The purpose of this blog is to share general information and is written to the author's best knowledge. It is not intended to be used in place of veterinary advice. For health concerns, please seek proper veterinary care.
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There are many people out there who absolutely love frogs, and you might like seeing them on your property. If you wish to see more frogs on your property, then you could try to attract them by creating a pond area in your yard.
Some people even have natural ponds that are perfect for frogs, and you’ll be able to see tadpoles turning into baby frogs in this pond over time. If you’ve noticed that many of the baby frogs are dying, then you might be worried that something is amiss.
Is there a reason why many of the baby frogs would suddenly die like this? What can be done to help keep the baby frogs alive?
Read on to learn more about what could be going wrong in your pond. If you are able to figure out what’s happening, then you might be able to keep more baby frogs alive in the future.
1 – Ice Forming
You likely would notice if your pond froze over, but it’s still worth mentioning as something that can kill baby frogs. You see, if ice forms on your pond, then it’s possible that baby frogs could get stuck under the ice.
Once the ice thaws, you might see many dead baby frog bodies float to the surface. The baby frogs can’t survive under the water, and this means that they’ll die fairly fast.
If cold weather comes rather suddenly, then this can happen before the frogs have a chance to leave. In some areas, it’s fairly common for this to happen to at least some baby frogs each year.
However, the likelihood that you wouldn’t know that ice is to blame is low. Ice forming on a pond is very noticeable, and you’re going to likely understand what occurred if you had a cold snap in your area.
2 – Water Conditions
The water conditions could cause baby frogs to die, and you definitely shouldn’t be using normal tap water. If you’re keeping frogs in an artificial pond of some sort, then you’ll need to use treated water that is right for baby frogs.
If you go to add water or change out some water, then you could forget and use tap water. Many people have made mistakes like this, and it winds up killing many baby frogs.
Sadly, small mistakes with the water can lead to dire consequences. Be very careful when you’re taking care of baby frogs so that you can avoid issues like this.
3 – Predators
There’s a possibility that predators could be to blame for the baby frogs dying as well. It’s unlikely that most types of fish that would be in your pond would eat the baby frogs.
However, many types of fish will eat tadpoles, and that means that some tadpoles will likely be lost to fish in a standard pond setting. There are many other types of animals that might try to eat frogs that you’ll need to think about, too.
Different types of snakes and even raccoons might try to kill frogs when looking for food. Predators like this might even go after adult frogs, and this means that it shouldn’t be hard to believe that the baby frogs could be getting killed by local predators.
You can try to look for signs that predators are nearby to see if that’s really the problem. If there are no signs of predators that your frogs need to worry about, then it might be something else that killed the baby frogs.
Of course, if you do think predators are killing baby frogs in the area, then you can try to get rid of the predators. There are things that you can do to deter predators from coming around, and you could also look into hiring exterminators.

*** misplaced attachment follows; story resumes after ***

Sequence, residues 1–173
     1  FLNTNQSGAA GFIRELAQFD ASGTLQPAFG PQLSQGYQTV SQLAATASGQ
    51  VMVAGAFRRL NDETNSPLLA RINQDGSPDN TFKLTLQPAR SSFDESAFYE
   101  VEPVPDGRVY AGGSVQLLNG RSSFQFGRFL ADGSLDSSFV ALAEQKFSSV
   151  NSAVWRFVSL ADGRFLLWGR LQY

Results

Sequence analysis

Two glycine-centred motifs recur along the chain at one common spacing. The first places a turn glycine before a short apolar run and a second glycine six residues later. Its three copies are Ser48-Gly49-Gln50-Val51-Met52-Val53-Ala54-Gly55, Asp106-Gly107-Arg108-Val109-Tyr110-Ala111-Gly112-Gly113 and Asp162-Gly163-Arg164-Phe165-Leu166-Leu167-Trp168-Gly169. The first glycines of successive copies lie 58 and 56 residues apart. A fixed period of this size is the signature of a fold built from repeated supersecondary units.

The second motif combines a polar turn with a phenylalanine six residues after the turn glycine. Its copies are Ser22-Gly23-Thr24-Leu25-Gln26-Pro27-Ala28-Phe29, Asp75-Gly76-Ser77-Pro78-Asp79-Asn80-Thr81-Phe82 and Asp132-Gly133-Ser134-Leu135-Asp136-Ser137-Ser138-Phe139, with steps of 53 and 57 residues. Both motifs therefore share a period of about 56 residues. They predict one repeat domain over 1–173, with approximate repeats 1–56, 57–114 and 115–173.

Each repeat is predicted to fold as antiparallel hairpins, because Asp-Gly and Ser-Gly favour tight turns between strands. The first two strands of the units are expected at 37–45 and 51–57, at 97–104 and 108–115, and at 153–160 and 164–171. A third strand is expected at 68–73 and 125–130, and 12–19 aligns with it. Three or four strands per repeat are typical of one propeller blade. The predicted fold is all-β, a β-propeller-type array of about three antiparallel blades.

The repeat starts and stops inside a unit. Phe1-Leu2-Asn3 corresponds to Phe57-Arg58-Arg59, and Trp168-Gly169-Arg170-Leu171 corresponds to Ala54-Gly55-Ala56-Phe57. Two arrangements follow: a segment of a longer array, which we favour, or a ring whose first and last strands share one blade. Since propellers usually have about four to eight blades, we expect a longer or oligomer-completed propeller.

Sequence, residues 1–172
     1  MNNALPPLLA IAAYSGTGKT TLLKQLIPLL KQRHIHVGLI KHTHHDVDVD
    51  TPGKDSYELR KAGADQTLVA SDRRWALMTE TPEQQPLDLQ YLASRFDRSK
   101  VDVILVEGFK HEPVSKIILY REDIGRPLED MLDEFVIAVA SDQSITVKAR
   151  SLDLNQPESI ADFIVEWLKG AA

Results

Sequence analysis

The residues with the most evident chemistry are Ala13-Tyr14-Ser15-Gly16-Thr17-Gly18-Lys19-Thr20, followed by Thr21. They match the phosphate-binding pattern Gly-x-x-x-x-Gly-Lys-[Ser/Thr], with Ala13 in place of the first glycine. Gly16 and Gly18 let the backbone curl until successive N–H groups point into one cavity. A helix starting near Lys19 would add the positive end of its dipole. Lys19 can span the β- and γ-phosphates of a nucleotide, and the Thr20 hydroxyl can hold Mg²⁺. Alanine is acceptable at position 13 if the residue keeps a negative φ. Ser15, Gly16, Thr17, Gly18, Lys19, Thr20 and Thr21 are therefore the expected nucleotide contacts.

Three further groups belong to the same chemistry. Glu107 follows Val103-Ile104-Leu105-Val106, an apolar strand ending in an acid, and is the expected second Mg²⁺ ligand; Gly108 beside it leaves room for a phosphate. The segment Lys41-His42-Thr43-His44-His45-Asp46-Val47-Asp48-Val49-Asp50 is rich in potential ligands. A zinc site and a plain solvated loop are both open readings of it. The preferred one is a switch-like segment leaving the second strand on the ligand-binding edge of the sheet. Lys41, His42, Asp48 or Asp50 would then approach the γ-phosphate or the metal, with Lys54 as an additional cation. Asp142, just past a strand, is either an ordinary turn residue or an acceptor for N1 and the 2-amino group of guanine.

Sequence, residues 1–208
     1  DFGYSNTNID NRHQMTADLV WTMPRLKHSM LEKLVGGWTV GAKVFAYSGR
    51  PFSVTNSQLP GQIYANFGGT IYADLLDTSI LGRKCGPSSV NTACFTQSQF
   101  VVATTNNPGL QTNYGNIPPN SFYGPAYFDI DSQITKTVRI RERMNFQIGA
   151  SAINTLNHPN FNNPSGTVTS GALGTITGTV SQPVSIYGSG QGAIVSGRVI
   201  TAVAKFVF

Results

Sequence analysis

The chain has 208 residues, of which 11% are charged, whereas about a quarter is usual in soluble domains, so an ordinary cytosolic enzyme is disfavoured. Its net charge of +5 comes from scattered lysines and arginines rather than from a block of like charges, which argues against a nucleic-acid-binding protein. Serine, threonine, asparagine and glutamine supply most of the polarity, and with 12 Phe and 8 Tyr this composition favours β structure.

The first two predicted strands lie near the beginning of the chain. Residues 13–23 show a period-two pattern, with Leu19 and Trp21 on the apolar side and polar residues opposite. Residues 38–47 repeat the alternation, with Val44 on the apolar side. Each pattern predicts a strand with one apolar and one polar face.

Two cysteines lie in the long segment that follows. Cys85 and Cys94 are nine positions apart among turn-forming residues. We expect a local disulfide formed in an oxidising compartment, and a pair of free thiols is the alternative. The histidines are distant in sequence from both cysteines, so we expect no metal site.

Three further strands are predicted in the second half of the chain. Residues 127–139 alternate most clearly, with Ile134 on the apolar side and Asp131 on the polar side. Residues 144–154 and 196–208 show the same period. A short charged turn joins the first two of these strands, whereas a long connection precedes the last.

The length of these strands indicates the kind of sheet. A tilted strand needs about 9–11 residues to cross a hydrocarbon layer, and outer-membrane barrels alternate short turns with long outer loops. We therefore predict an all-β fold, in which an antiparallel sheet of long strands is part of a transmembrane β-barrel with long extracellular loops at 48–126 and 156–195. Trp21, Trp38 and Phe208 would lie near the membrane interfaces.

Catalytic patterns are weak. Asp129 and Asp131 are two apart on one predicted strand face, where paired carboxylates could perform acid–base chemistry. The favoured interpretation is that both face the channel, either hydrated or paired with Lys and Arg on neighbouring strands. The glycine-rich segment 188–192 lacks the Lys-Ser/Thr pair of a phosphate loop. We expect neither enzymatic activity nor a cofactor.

For instance, if you have snakes on your property that you’re concerned about, then a pest control company could come out and handle that for you. This might be a good way to help the baby frogs to survive if you’re sure that predators are picking them off.
4 – Infectious Disease
Another thing to consider is that infectious disease could be what is killing the baby frogs. There are different diseases that could be killing frogs in the area, and there likely isn’t much that you can do about that.
If all of the frogs in the pond seem to be dying, then this is a likely answer to what you’re seeing happen. Infectious diseases can take out many baby frogs and adult frogs in short periods of time.
You might find that the number of frogs in your pond will diminish significantly in a short period of time. If nothing else really explains what is going on with the baby frogs, then you might need to consider if an infectious disease is to blame.
Determining what type of infectious disease is to blame will be hard unless you do some lab work. You could contact a local veterinarian who’s willing to look at the frogs to see if they can give you an opinion.
The state of the dead baby frog’s body might give some clues as to what’s going on. Either way, you’ll need to consult with professionals to determine what’s really going on.
There are a lot of different things that could be causing the baby frogs to die. If you want to do your best to keep them alive, then it’s going to be important to make good decisions and be careful about how you’re doing certain things.
When keeping baby frogs in a pond outside, you’ll need to watch out for predators. Try to deter predators from coming near the pond as best you can while also keeping an eye on the weather.
You’ll need to be careful about the water that you’re using since that can have an impact on the baby frogs. It’s also true that cold snaps could wind up killing the baby frogs due to ice forming in the pond.
Even infectious diseases could be to blame for killing baby frogs. With so much to consider, it isn’t always easy to determine what went wrong with the baby frogs.
You’ll just have to follow the evidence to try to figure out what went wrong. This should allow you to determine what’s happening so that you can make good decisions moving forward.